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This Kentucky coal mining town wants Republicans to stop blocking Obama's aid plan

"Mitch, Mitch, Mitch ..."
"Mitch, Mitch, Mitch ..."
(Shutterstock)

One of the more bizarre aspects of the debate over coal is that while Appalachia's representatives in Washington use coal miners and their communities as a political bludgeon, it's President Obama who's actually trying to help them. One small Kentucky town seems to have noticed.

Coal mining communities are getting bupkis from their leaders

Most analysts now agree that the devastation wrought on Appalachian coal in the past several years has been about cheap natural gas, coal seam depletion, competition from cheaper and cleaner Western coal, and poorly run, debt-crippled companies. Obama's purported "war on coal" has at most pushed things along at the margins.

Yet suffering coal miners are getting nothing from their self-proclaimed champions. Coal companies are going bankrupt right and left, struggling to renege on their pension promises to those who have given their lives to mines. Legislators from Appalachian coal states, led by Republican Senate Leader Mitch McConnell, have offered nothing but fruitless opposition. They opposed the 2009 cap-and-trade bill, which contained billions in subsidies for coal technology, knowing that the alternative would be EPA carbon regulations. They opposed those EPA regulations and are counseling states to refuse to implement them, knowing that the alternative is a federal implementation plan. They take money from coal barons and pretend that the US coal industry can be revived, which means they don't offer struggling mining communities what they most need: a clear-eyed plan for the inevitable transition away from coal.

Obama has a plan to help coal communities

Meanwhile, Obama has proposed just such a plan, in his fiscal year 2016 budget. It's called the POWER+ Plan. You can read all the details here; here's a summary from the Charleston Gazette of what the plan would do:

• Pump $200 million per year for five years to clean up abandoned strip mines, which could create multitudes of jobs for laid-off miners.

• Add $5 million for "brownfields" work cleaning up pollution at coal-fired power plants.

• Give $20 million to retrain ex-miners and help them find new jobs.

• Grant $25 million to the Appalachian Regional Commission for efforts to create new businesses and upgrade water, sewer and telecommunications infrastructure.

• Add $6 million more for "place-based regional innovation efforts" to spur jobs in distressed coal communities.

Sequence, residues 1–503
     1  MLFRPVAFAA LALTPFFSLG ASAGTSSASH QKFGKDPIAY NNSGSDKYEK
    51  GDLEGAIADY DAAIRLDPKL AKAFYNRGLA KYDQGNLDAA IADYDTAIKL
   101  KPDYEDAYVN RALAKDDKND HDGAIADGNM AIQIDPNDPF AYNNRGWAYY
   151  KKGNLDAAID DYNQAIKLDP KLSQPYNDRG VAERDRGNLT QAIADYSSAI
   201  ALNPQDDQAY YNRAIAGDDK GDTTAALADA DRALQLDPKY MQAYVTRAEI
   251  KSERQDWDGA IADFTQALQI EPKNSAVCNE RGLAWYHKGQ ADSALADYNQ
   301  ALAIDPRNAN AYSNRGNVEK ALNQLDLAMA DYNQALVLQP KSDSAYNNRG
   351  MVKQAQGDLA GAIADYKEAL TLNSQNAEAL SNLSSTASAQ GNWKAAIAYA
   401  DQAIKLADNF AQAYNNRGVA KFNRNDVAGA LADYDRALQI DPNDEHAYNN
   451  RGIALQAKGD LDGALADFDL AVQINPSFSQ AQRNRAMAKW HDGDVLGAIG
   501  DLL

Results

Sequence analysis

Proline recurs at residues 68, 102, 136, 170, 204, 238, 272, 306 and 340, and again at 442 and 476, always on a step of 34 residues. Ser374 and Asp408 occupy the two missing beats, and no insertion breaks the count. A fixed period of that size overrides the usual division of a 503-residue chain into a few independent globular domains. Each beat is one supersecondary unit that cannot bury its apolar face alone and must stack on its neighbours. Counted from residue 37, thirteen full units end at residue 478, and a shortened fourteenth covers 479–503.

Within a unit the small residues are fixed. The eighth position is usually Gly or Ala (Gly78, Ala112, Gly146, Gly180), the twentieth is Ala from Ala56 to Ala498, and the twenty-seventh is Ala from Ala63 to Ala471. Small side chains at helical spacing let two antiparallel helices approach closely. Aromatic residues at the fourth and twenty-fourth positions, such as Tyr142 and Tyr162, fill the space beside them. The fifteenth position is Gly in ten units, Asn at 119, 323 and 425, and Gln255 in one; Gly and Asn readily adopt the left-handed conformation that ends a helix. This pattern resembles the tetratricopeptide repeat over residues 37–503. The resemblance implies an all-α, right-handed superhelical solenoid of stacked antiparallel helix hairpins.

• Award $3.9 billion over a decade to shore up pensions and medical care of retired miners.

Sounds like a good start. And it looks like at least some Appalachians have taken notice.

One Kentucky coal town says yes, please, they'd like the help

Earlier this week, the little town of Whitesburg, Kentucky, passed a resolution in support of the POWER+ Plan. Whitesburg is home to just over 2,000 people, but it happens to be in the district of Rep. Hal Rogers (R), the chair of the House Appropriations Committee. And it happens to be in the state of the aforementioned Mitch McConnell.

The resolution is worth quoting:

Whereas the Appalachian region of Kentucky is experiencing a dramatic economic transition with the decline of the coal industry, and Whitesburg is experiencing economic distress as coal jobs continue to decline;

Whereas we believe that the transition to a future economy should be one that celebrates our culture; invests in communities; generates good, stable and meaningful jobs; is just and equitable; and protects and restores our land and water;

Whereas the POWER+ Plan [many benefits of the plan]

Whereas the POWER+ Plan has been proposed by the White House and currently sits before Congress;

Therefore, let it be resolved that the City of Whitesburg supports passage of the POWER+ Plan by the U.S. Congress and encourages Congressman Hal Rogers to see passage of this Plan through the federal legislative process.

Rogers and McConnell could get the POWER+ Plan through Congress if they wanted to. Will they listen to the people of Whitesburg, to all the suffering coal communities that desperately need help, or will they oppose the plan out of partisan spite?

Ha, just kidding. Of course it's that second thing.